The Breakthrough (Geffen)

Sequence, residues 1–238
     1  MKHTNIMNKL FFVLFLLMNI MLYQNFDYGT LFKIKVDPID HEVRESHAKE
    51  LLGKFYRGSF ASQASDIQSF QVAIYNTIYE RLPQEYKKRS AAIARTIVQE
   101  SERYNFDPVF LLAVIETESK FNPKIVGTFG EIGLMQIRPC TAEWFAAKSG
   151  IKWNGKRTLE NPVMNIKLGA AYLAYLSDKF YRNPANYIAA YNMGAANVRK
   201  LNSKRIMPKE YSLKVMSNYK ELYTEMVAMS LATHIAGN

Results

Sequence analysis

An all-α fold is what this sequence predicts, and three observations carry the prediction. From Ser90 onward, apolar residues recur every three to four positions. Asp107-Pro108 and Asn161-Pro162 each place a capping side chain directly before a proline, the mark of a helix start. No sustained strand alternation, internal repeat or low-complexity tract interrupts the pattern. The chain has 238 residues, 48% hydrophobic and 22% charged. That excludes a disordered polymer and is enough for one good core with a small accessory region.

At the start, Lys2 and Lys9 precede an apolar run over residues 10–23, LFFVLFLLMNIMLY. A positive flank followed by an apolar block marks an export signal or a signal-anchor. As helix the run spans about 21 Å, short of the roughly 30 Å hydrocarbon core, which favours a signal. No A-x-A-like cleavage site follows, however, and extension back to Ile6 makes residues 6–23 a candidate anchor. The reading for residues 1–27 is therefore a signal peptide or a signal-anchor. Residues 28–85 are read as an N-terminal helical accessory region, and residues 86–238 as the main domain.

Maintaining the title "queen of hip-hop soul," hasn't been easy for Blige lately. Recent musical efforts have been lackluster, and competition from much younger, technically able singers has offered arduous challenges. But with her seventh studio release, Blige has indubitably reclaimed her throne. Her realism has remained consistent throughout her career -- her confessional approach to her lyrics that offers listeners a look into her world. Tapping into her original flavor, she raps on "Enough Cryin'" and on her U2 duet "One," reminding us that hip-hop and soul can make wonderful bedmates. That's especially evident on "MJB Da MVP," where she admits that this is "the point in my life where I can actually call myself a Queen." Spicing it up with a gospel-tinged delivery reminiscent of Aretha Franklin, Blige effortlessly blends her vocals with the soulful pop melodies of "About You," her duet with of the Black Eyed Peas, then switches the pace on "Can't Hide from Luv," which features Jay-Z. Even on "Can't Get Enough," and "I Found My Everything," featuring Raphael Saadiq, there are echoes of Aretha's mellifluous vocals. But what's most pleasing about The Breakthrough is the feeling that love is treating Blige well. For the R&B diva, once tormented by bad relationships, drugs, and alcohol, this album is her opportunity for reinvention. It's still classic hip-hop soul, but there's a maturity here -- something that places Mary J. Blige far above other R&B contenders. Lynne D Johnson

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